I am trying to get snap off of my Arch system and I think it is mostly gone, however, when I do lsblk I get the following:

loop0         7:0    0  32.3M  1 loop /var/lib/snapd/snap/snapd/12159
loop1         7:1    0  99.4M  1 loop /var/lib/snapd/snap/core/11187
loop2         7:2    0  32.3M  1 loop /var/lib/snapd/snap/snapd/12398
loop3         7:3    0  99.4M  1 loop /var/lib/snapd/snap/core/11316
sda           8:0    1  14.4G  0 disk
└─sda1        8:1    1  14.4G  0 part
sr0          11:0    1 731.6M  0 rom
nvme0n1     259:0    0 476.9G  0 disk
├─nvme0n1p1 259:1    0   550M  0 part /boot
├─nvme0n1p2 259:2    0    32G  0 part [SWAP]
└─nvme0n1p3 259:3    0 444.4G  0 part /var/lib/snapd/snap

So obviously there is still an issue in that we have "loops" (whatever that is) that are snap related and also there is a partition on my main drive that seems to have been created by snap. I don't really understand what this partition even is because it lists BOTH root ("/") and "/var/lib/snapd/snap". How can a partition be two different things?

In any case how do I nuke this snap stuff?

2 Answers 2


The problem was that I removed the modules for snap but not the underlying snapd daemon. Once I removed that, the blk devices disappeared.

Don't forget to update your system after you get rid of snap.

  • 1
    Good point. I forget snap and snapd are separate. Snap is just the tool to talk to snapd which does the actual work.
    – user10489
    Mar 12, 2023 at 17:14

Snapd uses virtual filesystem images (of type squashfs) to package applications. (df -T should show the type, df -a -F squashfs should list them all.) The loop devices map files (which contain filesystem images) to block devices so these filesystems can be mounted as if they were real disks.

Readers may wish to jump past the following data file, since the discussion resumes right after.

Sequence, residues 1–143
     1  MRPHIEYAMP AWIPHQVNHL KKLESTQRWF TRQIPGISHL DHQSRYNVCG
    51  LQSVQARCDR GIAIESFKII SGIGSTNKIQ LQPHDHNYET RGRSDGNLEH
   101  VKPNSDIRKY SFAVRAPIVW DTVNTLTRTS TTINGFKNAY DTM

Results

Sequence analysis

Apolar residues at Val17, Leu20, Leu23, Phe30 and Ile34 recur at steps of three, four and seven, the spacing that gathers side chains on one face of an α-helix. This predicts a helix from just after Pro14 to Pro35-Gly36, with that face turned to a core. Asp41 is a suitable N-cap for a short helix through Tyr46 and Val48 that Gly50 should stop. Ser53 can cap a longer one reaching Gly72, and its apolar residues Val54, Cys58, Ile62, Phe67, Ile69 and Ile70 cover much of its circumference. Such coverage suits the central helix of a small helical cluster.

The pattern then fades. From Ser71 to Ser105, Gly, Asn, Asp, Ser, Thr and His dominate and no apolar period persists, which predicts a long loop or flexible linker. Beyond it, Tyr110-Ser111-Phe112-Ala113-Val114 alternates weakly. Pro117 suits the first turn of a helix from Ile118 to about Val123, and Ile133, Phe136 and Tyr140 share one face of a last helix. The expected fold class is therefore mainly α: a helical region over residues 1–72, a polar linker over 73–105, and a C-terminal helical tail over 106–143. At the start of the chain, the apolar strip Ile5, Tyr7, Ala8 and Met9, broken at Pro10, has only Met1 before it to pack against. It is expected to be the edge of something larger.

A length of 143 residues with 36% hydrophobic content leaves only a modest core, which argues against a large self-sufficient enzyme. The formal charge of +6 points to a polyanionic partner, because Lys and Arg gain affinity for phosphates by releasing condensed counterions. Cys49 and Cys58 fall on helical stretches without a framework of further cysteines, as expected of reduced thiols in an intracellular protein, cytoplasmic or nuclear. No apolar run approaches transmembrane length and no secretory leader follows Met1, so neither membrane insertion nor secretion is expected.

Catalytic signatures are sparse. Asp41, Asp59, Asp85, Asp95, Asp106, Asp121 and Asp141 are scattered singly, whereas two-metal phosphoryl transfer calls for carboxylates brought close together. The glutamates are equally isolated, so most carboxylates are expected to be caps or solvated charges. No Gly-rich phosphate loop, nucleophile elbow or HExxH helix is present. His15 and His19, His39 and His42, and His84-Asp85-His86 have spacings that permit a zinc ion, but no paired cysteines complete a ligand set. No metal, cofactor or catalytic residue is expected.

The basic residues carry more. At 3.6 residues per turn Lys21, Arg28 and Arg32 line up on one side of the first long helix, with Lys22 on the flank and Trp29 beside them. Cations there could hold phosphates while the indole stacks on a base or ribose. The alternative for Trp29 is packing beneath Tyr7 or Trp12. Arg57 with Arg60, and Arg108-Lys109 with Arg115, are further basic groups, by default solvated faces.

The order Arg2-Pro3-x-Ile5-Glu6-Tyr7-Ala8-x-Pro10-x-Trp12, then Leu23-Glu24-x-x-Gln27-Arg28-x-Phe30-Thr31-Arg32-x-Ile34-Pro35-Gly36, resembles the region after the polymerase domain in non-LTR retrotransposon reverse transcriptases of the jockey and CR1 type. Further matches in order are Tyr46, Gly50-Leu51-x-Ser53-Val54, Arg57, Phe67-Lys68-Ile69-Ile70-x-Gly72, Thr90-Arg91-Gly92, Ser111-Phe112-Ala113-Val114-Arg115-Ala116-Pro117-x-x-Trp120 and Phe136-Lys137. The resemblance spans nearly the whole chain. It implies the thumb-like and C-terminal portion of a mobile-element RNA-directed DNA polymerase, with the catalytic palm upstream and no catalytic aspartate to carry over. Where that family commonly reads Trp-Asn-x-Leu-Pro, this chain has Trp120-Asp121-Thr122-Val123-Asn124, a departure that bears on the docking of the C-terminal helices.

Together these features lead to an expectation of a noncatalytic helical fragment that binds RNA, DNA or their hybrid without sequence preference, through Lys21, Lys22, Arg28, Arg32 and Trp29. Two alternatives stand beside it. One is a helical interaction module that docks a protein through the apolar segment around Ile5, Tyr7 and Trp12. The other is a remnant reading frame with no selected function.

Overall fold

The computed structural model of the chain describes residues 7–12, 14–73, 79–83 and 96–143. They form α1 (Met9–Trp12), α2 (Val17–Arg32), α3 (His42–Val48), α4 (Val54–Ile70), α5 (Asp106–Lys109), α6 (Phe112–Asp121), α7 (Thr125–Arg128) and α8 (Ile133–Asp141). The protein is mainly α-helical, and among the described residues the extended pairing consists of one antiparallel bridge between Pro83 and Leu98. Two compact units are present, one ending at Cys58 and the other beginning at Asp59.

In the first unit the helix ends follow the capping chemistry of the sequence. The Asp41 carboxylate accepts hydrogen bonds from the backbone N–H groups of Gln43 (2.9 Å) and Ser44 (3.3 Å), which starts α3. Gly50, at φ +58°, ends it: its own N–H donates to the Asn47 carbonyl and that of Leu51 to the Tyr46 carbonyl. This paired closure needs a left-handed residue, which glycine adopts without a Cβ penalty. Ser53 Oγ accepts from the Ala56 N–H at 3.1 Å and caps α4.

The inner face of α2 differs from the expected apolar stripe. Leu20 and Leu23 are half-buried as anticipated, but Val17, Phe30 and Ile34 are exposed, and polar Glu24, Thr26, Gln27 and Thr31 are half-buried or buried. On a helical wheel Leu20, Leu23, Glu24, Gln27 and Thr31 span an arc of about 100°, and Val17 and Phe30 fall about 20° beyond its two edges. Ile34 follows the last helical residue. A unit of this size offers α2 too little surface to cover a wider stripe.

It is unlikely that a "partition" on your main drive is related to this. More likely this is a bind mount, which allows remapping part of a mounted filesystem at a different path.

If you successfully removed snap, then it is likely rebooting will clear all of these mounts. If you stopped snapd before removing it, or removed the individual snaps first, then these might have been cleared automatically. It would be possible to remove them manually, but likely rebooting is much easier, and an effective way to see if you permanently removed snapd.

  • I did reboot and the excerpt from the question shows the result of lsblk after the reboot. The problem was that I had not removed snapd (as opposed to just snap). Mar 12, 2023 at 16:33
  • Note that the loop devices won't go away -- they just shouldn't be attached to anything or mounted once snapd is not using them.
    – user10489
    Mar 12, 2023 at 17:13

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